A PROPOSAL to grant a right of way for a windfarm at Bottlehill has been rejected by Cork County Council.
The decision to reject access to the site was taken at a meeting in County Hall where members of the public had gathered in the public gallery.
A proposal has been put forward for a 22-turbine development at Bottlehill, on a site 23km from Cork city — situated approximately halfway between Blarney and Mallow at Glannasack.
The site was formerly earmarked for the development of a landfill dump, with €50m spent on the project before it was scrapped.
The output from a windfarm is expected to supply energy to over 70,000 homes.
Councillor Gearoid Murphy suggested the council defer the decision until the imminent windfarm guidelines were released, replacing the current 2006 guidelines.
This suggestion gathered support from a number of councillors. However, chief executive Tim Lucey said it was not an option and if the councillors did not vote on the motion, the decision would be passed over to the chief executive.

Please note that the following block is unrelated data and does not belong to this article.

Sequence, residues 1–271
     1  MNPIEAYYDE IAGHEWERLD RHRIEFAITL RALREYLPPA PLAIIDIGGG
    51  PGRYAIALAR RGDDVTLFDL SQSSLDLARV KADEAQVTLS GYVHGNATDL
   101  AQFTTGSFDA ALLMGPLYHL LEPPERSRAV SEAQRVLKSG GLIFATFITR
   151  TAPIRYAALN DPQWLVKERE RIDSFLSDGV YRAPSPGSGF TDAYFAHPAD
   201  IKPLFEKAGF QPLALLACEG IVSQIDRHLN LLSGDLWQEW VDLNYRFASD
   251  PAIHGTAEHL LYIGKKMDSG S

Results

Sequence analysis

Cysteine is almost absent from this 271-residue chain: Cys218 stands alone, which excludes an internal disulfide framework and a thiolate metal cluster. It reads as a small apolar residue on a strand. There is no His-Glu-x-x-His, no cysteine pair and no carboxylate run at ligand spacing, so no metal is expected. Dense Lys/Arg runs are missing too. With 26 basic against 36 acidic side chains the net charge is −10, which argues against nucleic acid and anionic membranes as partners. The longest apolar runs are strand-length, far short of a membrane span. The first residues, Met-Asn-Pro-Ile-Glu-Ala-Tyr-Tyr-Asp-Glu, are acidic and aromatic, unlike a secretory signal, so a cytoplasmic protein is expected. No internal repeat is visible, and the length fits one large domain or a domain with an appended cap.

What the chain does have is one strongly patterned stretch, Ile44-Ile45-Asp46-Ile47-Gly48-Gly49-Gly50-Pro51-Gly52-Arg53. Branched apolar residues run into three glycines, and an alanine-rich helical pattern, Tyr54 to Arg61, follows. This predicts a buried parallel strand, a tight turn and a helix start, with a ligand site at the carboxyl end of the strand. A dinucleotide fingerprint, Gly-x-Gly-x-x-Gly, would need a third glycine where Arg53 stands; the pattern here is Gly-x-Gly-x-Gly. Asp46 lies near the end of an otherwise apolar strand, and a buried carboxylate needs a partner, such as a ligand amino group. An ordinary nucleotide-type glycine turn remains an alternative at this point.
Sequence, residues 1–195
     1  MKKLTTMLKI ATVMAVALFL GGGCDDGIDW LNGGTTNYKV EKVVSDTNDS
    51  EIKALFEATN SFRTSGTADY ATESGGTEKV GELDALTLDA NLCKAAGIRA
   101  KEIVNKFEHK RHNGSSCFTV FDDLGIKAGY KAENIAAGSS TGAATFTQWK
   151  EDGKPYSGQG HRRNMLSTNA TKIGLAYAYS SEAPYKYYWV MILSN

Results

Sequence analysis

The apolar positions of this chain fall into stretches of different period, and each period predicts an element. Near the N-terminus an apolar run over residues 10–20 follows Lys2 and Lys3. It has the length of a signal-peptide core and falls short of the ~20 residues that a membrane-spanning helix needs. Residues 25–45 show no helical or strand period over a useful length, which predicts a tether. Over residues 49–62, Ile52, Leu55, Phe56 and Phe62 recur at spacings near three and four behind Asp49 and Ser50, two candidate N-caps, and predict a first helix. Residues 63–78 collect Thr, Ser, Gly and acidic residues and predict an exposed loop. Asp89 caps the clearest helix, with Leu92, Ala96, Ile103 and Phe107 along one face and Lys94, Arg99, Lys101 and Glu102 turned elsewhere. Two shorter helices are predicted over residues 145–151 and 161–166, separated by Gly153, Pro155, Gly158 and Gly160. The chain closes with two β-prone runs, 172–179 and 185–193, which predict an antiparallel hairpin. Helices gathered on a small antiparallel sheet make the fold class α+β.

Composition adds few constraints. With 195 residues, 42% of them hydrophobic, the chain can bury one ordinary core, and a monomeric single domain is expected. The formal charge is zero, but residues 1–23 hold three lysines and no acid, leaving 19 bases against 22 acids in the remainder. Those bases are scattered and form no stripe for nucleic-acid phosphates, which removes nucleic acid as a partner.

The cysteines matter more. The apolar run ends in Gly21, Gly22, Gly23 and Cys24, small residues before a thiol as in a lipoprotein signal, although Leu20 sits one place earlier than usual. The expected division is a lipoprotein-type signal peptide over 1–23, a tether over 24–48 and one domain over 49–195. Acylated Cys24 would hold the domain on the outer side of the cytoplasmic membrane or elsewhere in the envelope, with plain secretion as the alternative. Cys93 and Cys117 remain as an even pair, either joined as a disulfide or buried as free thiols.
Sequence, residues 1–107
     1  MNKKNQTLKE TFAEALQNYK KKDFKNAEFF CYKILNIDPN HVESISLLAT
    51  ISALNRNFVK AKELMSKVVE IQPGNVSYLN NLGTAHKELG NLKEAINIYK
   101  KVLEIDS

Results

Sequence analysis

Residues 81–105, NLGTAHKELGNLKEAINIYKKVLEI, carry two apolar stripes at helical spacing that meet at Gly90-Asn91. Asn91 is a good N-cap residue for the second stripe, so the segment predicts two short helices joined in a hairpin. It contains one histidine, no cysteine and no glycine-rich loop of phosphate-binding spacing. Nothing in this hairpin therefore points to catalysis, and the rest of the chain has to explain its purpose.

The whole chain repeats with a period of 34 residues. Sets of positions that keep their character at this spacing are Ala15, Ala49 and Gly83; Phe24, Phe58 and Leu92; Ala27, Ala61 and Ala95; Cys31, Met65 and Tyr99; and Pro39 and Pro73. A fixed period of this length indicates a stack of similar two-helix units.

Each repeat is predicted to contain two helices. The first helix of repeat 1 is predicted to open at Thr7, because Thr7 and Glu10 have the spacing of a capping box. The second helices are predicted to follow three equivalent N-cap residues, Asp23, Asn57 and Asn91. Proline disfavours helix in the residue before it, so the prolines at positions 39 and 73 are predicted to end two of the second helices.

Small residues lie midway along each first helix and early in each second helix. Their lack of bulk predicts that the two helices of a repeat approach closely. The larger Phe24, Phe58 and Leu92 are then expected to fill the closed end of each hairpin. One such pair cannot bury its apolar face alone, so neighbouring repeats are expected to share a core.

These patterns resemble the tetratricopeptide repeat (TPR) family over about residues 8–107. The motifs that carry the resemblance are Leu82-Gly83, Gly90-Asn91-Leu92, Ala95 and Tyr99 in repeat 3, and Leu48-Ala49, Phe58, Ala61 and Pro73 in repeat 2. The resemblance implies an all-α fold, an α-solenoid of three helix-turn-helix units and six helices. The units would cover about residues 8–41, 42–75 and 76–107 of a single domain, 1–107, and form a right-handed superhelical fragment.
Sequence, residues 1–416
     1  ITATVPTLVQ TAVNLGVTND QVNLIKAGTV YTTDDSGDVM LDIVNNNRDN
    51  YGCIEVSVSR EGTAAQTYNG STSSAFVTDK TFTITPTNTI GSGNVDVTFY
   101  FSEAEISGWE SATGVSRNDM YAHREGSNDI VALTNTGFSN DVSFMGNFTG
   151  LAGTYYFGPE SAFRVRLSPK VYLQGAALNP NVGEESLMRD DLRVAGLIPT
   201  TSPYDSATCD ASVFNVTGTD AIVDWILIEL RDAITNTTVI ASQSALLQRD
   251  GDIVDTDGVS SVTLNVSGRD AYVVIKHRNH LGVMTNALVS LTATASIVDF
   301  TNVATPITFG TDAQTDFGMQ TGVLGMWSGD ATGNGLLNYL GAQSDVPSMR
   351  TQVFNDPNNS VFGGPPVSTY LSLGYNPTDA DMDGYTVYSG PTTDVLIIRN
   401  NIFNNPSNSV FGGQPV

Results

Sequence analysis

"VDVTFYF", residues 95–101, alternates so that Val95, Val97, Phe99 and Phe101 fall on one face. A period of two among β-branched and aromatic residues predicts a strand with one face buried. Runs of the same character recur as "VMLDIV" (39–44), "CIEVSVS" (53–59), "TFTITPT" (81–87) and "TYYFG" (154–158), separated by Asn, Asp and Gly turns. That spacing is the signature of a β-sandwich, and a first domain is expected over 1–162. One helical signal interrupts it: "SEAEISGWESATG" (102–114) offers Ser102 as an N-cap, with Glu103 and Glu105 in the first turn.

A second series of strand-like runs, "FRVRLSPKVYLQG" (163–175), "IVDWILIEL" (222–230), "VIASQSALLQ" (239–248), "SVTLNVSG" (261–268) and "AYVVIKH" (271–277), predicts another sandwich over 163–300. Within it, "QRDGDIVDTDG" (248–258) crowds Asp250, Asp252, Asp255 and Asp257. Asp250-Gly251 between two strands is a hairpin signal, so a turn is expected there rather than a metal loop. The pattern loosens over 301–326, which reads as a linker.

Mr Lucey highlighted the economic benefits of the proposal.
“It is recommending that you would dispose of a right of way over land and allow four turbines to be built in a wider development of a windfarm,” Mr Lucey said.
“It is the utilisation of an asset and there is significant revenue to be gathered from this type of development.”
Councillor James Kennedy said it was too soon to make a decision and it was imperative to wait until they had more information.
Fine Gael councillor Kay Dawson called on the chamber to reject the proposal saying citizens come before windmills. A number of councillors, including Fianna Fáil’s Frank O’Flynn, expressed concern at the lack of communication and information coming from the developer, Brookfield.
Mr Lucey said it was his understanding that the developer had engaged in consultation with the local community and said it was not up to him to say whether that consultation was extensive or not.
Following a vote, the proposal was defeated by 44 to 3, with six abstentions.
Up to €48m was spent turning the site into a municipal landfill but it has been idle for several years due to excess landfill sites around the country. The proposed windfarm is set to take up up to 25% of the site.